Dwight Howard in Denial About Lakers' Dysfunction

Kelly Scaletta@@KellyScalettaFeatured ColumnistNovember 2, 2012

LOS ANGELES, CA - OCTOBER 30:  Dwight Howard #12 of the Los Angeles Lakers gestures to a referee after fouling out of the game with the Dallas Mavericks at Staples Center on October 30, 2012 in Los Angeles, California.  The Mavericks won 99-91.  NOTE TO USER: User expressly acknowledges and agrees that, by downloading and or using this photograph, User is consenting to the terms and conditions of the Getty Images License Agreement.  (Photo by Stephen Dunn/Getty Images)
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Kevin Ding of the Orange County register gave a rundown of the postgame antics of the Los Angeles Lakers' newest start, Dwight Howard

First, there's this gem:

Howard's response to the Lakers' 0-2 start remains all rear ends, rainbows and sunshine.

"It'll all come together at the right time," Howard said late Wednesday night in the locker room after the Lakers got blown off the court in Portland.


It'll all come together at the right time? What does that even mean? Is there some sort of cosmic force working the Lakers towards a championship and the "right time" just hasn't arrived yet?

Howard seems to want to make himself a mere inanimate, predestined element being steered towards some preordained destination, not a living, breathing human being who actually interacts with the world him and whose actions affect the game. 

Ding continues: 

Before that, Howard turned on some pleasant music so he could groove in front of his locker while he got dressed, his teammates all already long gone to the bus. Before that, he asked a Lakers staffer if hitting his free throws meant he could have his Halloween candy. Then he asked again. And again.


Not too much wrong here, except that part about the candy. It's not about eating the candy. It's about worrying about eating the candy. 

He was brought in to help the Lakes win a title. They lost their entire preseason. They lost their first two games of the regular season. And Howard's response is to blow that off and set his mind to more important things like, "can I get my candy?"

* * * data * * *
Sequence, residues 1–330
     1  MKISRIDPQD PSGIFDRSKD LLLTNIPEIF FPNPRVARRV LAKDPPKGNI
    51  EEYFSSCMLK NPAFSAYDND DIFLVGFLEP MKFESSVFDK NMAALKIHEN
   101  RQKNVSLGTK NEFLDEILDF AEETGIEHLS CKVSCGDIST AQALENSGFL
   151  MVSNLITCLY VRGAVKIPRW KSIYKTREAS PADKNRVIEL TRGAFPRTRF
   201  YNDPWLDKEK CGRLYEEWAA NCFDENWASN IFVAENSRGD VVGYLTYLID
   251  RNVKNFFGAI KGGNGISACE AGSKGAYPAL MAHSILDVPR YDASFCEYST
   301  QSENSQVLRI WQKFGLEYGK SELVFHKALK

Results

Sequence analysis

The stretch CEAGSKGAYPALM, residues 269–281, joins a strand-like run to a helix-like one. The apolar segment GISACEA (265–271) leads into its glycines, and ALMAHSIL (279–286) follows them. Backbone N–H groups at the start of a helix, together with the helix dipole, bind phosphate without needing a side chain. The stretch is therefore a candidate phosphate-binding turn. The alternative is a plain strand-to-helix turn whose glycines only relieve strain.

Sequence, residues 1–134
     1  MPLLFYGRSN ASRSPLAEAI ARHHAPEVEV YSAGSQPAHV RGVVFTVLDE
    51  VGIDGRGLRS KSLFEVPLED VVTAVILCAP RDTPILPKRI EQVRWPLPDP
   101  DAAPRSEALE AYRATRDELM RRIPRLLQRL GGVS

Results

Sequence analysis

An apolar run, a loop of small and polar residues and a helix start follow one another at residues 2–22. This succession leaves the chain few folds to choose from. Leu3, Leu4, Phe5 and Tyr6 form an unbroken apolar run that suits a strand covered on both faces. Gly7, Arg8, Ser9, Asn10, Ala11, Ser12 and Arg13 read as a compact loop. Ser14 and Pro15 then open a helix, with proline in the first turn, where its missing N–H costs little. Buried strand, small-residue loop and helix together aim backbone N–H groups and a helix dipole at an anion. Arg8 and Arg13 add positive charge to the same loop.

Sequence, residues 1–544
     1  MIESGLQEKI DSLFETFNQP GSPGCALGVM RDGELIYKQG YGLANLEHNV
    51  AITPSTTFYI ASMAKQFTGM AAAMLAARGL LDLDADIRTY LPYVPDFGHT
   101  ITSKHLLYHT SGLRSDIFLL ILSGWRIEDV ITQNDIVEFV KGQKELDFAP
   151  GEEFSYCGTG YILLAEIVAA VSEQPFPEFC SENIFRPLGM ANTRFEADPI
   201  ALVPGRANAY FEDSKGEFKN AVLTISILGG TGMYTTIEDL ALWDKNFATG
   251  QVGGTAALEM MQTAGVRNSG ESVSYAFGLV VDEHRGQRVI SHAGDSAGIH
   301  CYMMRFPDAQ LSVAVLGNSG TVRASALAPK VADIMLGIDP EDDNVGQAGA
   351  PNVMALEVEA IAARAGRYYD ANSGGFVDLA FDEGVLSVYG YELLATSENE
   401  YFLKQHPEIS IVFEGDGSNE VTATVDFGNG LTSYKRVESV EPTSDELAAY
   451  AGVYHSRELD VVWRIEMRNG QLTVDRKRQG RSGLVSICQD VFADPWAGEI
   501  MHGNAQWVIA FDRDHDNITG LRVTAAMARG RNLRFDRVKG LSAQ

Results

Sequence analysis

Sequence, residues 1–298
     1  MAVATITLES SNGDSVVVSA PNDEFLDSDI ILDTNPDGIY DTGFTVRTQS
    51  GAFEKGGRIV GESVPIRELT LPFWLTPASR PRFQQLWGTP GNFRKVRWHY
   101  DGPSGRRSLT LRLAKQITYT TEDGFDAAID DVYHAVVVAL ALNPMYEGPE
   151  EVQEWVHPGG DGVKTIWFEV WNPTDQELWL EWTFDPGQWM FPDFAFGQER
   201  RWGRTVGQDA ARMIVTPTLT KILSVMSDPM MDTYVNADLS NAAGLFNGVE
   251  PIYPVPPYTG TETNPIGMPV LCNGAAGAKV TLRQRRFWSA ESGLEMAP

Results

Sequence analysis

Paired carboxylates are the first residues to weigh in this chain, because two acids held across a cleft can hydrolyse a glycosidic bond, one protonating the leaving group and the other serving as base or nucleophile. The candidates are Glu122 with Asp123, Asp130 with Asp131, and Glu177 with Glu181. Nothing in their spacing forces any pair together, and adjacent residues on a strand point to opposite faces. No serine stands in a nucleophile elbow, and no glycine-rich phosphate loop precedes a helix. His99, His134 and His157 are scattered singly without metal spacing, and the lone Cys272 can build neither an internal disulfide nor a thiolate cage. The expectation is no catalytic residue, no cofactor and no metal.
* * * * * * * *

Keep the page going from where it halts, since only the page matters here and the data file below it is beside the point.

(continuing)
Is he an NBA superstar or a trained seal?

Before that, Howard mooned a TV cameraman whom he suspected of having his camera on while Howard had his underwear halfway down. Howard responded by sticking his rear end farther out, saying: "I've got a wide shot for you." And he giggled.



His team is losing and he's acting like a 10-year-old child, obsessing over candy and thinking that mooning is funny. 

Howard spent the first part of his career playing in Orlando. He was allowed to get away with a certain amount because he was the only superstar on the team. They were just happy to have him there. 

But he's not in Kansa...erp...Orlando...anymore. He's in Los Angeles, home of Kobe Bryant and Magic Johnson, et al. This is where the championships are won. 

They aren't happy to have "a" superstar in LA. They're entitled to "superstars," plural. And those superstars are expected to behave in a certain way. The most important thing is that they have to want to win and hate to lose. 

Lakers fans don't want to be more worried about the Lakers losing ways than the players are. By golly, when the fans are running around beating the panic button senselessly, the last thing they need to hear about with their superstar center is how he's obsessing over candy or dropping drawers and flaunting his hind quarters to the cameraman. 

Something is obviously wrong with the team. It's not just an overreaction to regular season losses. It's an overreaction to two regular season losses and six preseason losses. 

And while Lakers fans might be overreacting, they might like to see their players at least reacting. Howard's trivializing the losses only amplifies the dysfunctional state of the team. Avoidance is a common reaction to dysfunction. 

While Howard needs be Howard, it might be appropriate for him to act like, at least, an adolescent version of Howard as opposed to a putrescent version.